After two years in that program, Koester still didn’t feel like she’d found her true self. Feeling the urge to experience life outside of Wisconsin, Koester made a dramatic move to the Southwest. “I transferred out to ASU in 2006,” Koester said. “I was familiar with the area and it was a big school. I finished my bachelor’s degree in Environmental Technology Management in 2010. From there I moved right into my master’s degree which is in International Environmental Technology Management and Sustainability which I completed in 2012.”
Her field of study covered a wide range of subject matter related to running, managing, and developing environmental programs or entities, Koester said. “While I was getting my master’s degree I worked as an environmental regulator in Maricopa County, Arizona,” Koester said. “I gained an understanding of how the Environmental Protection Agency (EPA), states, and municipalities worked.”
This in turn led her to start Earthworks Environmental, LLC. A fast-growing company, Earthworks Environmental, LLC, helps other companies stay in compliance with environmental regulations concerning dust, storm water pollution prevention, and other safety regulations.
Four years into running Earthworks Environmental, LLC, Koester’s company now has a strong presence in nine states including Arizona, Florida, Texas, Delaware, New Jersey, Pennsylvania, Indiana, Illinois, and Minnesota.
As a result of her business success, Koester was recently given a 2018 Most Influential Women in Business Award in Arizona. And she has some strong advice for young people who may be struggling with personal issues in their lives. “While experiencing my situation as a teen I felt like people looked at me as though I was going to fail,” Koester said. “Every young person that’s in a tough situation needs to realize that this will pass and you will grow up. You’ll be an adult and you’ll be able to make your own choices and do whatever it is you want to do.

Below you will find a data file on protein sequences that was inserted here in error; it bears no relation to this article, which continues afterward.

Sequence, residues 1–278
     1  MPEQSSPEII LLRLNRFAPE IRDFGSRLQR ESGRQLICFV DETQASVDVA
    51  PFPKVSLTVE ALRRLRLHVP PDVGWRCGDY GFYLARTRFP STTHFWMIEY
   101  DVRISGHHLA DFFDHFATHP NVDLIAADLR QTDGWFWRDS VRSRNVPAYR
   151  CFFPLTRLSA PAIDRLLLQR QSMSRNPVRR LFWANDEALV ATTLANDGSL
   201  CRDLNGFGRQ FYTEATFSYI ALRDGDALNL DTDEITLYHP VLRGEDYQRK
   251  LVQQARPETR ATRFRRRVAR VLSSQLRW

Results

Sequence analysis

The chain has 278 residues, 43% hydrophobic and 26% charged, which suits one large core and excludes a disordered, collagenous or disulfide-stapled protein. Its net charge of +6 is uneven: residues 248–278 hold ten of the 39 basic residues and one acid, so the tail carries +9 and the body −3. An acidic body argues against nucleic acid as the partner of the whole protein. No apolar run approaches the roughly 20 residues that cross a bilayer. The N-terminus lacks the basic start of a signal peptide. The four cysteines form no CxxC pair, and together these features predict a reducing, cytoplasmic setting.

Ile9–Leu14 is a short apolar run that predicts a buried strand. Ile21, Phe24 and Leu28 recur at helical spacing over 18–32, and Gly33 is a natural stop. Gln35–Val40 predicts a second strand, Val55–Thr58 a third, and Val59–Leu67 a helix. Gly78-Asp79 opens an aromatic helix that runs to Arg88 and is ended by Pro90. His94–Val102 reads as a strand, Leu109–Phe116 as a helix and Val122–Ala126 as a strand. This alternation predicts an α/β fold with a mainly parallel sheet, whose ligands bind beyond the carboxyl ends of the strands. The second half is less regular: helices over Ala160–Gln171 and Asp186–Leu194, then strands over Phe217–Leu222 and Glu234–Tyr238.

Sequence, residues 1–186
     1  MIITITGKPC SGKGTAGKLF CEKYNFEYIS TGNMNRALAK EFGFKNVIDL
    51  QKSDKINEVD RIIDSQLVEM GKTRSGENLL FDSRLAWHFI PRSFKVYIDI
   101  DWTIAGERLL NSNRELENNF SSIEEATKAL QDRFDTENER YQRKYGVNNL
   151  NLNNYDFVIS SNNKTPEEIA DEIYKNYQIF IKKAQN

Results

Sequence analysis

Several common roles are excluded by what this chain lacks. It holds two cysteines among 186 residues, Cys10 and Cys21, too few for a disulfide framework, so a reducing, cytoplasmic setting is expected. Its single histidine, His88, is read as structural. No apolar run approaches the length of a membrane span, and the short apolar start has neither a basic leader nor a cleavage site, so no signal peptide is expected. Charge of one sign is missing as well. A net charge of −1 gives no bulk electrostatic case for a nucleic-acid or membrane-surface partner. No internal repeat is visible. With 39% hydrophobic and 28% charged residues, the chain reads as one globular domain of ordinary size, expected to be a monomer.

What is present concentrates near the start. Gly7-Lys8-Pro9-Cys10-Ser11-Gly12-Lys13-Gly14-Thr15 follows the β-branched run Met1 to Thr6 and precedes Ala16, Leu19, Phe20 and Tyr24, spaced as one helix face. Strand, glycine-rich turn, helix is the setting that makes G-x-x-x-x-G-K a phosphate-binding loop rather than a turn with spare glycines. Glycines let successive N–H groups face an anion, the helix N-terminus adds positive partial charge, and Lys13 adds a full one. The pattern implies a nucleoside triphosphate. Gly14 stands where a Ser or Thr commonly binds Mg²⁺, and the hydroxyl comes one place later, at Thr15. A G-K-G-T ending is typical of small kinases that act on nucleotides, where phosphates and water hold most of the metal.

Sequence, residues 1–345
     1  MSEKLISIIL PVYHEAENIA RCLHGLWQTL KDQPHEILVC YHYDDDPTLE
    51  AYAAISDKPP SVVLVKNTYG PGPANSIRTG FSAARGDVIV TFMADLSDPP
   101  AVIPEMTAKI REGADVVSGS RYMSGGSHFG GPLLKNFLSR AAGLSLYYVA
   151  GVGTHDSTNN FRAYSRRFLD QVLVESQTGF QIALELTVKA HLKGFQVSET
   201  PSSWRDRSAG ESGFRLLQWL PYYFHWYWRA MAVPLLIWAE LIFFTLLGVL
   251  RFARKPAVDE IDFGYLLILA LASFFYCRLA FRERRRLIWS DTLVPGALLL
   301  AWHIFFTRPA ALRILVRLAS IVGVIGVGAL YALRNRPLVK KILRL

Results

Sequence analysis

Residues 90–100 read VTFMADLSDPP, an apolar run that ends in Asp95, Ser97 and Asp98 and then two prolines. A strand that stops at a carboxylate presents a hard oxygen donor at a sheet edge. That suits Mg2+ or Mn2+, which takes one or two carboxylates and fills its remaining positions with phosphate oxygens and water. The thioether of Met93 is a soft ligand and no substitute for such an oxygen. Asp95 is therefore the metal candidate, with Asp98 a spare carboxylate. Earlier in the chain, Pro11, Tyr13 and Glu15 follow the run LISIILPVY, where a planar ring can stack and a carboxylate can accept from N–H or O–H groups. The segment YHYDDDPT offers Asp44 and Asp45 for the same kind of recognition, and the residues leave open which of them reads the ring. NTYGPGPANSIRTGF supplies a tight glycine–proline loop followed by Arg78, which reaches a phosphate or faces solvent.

“And if you’re an Oneida member there is no excuse not to take advantage of the Higher Education program,” Koester said. “Every Oneida member has the opportunity to go to school and if you do that you can do whatever it is you want to do with your life.”
Koester has no intentions of slowing down her business expansion and she even has designs on helping other at-risk teens in the near future. “One of my goals for 2019 is to formulate a scholarship for a teen mother specifically for school or living expenses for school,” Koester said. “I know it’s difficult to apply for scholarships but I’d probably look for a recommendation perhaps through Oneida’s Center for Self-Sufficiency. That department is so helpful and made me feel like a human being during my struggles so that’s a definite possibility.”
Koester splits residency between Phoenix, Ariz., and Chicago, Ill. She and her husband John have five children and one grandchild. She is the daughter of Thomas Jourdan, of Oneida, and Bernadette Goodine who also splits residency between Arizona, Indiana, and Green Bay.